Weekly Health Watch with an explanation of the popular suspension training exercises, new HIV research, an update on the dog food recall and more.

Do you remember swinging from a tree branch or pulling up on the monkey bars when you were younger? Those were variations of suspension training, a form of fitness that's becoming more popular.


Suspension training involves an apparatus made of nylon straps and handles that you can attach to a sturdy anchor in your home like a door jam. You then use your body weight as the resistance to perform exercises that build strength, core stability, flexibility and balance.


If you are new to suspension training, you should start slowly and seek out help from a trainer if necessary.


Indoors and out. The beauty of suspension training is the portability. You can take it to the park, the beach or even your own backyard. It's versatile enough to throw over a sturdy structure like a tree branch.


Getting started. You want the sturdy anchor point to be approximately 7 to 9 feet off the ground. Then, by adjusting the length of the handles and the angle of your body, you can make exercises easier or harder.


Fast and effective. Most exercises involve pushing, pulling, legs and core. You are forced to use different muscle groups, and you'll get your heart rate up when performing exercises one after the other with little rest in between.


-- Life Fitness


New Research: HIV vaccine progress


In April, a detailed analysis of specimens from the first HIV vaccine clinical trial to show a modest protective effect yielded important clues about how the vaccine might have worked. These clues suggest directions for improving upon the original vaccine regimen to confer a broader, more potent and longer-lasting effect. The original vaccine regimen was tested among 16,000 adult volunteers in Thailand in a trial co-funded by the National Institute of Allergy and Infectious Diseases.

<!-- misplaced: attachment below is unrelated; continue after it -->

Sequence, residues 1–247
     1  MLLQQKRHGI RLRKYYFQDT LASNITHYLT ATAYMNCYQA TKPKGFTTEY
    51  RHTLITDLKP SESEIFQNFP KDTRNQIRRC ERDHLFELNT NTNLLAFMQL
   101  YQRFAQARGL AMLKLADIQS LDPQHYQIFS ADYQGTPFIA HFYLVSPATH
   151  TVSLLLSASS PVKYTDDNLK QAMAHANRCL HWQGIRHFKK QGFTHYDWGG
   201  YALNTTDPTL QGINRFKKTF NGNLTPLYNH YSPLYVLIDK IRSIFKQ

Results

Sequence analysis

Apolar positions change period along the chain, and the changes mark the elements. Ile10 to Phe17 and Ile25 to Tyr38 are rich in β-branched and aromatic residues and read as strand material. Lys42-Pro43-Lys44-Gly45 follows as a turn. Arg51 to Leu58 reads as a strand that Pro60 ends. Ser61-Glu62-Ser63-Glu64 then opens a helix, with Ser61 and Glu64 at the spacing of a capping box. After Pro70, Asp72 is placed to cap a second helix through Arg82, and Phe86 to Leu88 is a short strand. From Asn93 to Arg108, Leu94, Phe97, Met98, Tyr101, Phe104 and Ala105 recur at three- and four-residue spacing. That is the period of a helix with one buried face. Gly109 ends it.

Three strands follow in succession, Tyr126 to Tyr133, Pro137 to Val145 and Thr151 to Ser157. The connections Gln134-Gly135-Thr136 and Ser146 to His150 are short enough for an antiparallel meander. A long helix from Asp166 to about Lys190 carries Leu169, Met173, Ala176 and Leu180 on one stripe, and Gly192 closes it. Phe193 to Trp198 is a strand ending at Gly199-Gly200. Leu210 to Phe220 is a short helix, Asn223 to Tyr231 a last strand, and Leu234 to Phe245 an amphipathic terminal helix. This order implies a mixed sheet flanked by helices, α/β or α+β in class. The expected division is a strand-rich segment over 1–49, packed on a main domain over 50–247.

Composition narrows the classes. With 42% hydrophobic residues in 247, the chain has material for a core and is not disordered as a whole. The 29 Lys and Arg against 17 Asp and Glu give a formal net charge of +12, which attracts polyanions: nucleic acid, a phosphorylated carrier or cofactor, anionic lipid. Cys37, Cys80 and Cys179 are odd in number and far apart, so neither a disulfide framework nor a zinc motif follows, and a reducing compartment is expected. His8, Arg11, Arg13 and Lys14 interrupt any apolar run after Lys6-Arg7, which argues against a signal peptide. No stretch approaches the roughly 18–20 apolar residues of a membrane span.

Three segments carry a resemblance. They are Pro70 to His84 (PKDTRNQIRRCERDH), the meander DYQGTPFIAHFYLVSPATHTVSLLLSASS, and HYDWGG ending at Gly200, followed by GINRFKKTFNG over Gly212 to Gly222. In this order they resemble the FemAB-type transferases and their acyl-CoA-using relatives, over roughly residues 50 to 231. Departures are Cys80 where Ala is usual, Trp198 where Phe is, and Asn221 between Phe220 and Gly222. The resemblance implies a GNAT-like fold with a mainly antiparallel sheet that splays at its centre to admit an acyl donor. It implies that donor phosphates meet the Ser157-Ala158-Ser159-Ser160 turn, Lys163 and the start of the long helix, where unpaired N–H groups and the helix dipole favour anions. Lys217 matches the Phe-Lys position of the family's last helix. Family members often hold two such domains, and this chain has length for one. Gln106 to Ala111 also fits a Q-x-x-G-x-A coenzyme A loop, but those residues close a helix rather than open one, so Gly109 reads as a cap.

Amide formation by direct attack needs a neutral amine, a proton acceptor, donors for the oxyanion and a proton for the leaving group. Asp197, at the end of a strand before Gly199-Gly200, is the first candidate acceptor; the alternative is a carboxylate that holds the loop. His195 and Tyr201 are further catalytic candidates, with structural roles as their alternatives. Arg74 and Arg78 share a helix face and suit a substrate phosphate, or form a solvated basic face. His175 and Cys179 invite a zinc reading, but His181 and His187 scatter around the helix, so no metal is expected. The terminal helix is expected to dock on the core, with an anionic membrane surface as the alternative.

-- National Institutes of Health


Did You Know?


Essential for lifelong bone health, most women don't get enough calcium. Get more by eating three daily servings of low-fat dairy. – EatRight.org


Health Tip: Get into yoga


The combination of deep breathing, thoughtful movements and melodic music in yoga can change your mood in seconds and help relieve pent up stress. If you are new to yoga, try out a beginner class and ease into the poses. There is no perfection in yoga, only progress. Yoga is the perfect complement to any other form of exercise or as your mind/body therapy for the week.


-- Life Fitness


Number to Know


1.7 million: According to the World Health Organization, 1.7 million children under the age of 5 died from vaccine-preventable diseases in 2008.


Children’s Health: Dangerous binkies?


Almost all infants and toddlers use bottles, pacifiers and sippy cups for supplying nutrition, comfort and convenience, but are these products always as safe as parents think? A recent study revealed that, in the U.S., 45,398 children under age 3 were treated in the hospital emergency department between 1991 and 2010 –– or approximately one child every 4 hours –– for an injury caused by a bottle, pacifier or sippy cup. Most injuries (86 percent) occurred from falls while using the products, and 83 percent of falls resulted in lacerations or contusions to the mouth and face.


-- American Academy of Pediatrics


Boomer Health: Dog food recall


Walking your dog may keep you healthy, but dog food contaminated with a rare strain of salmonella has made 16 people sick in nine states, five of which were hospitalized. The Centers for Disease Control and Prevention revealed the culprit: Diamond Pet Foods and its various brands, made in a South Carolina plant. The CDC says handling the dog food is what caused illnesses, and owners should check their brand of dog food to see if it matches, and return it if it was manufactured between Dec. 9, 2011 and April 7.


-- AARP


GateHouse News Service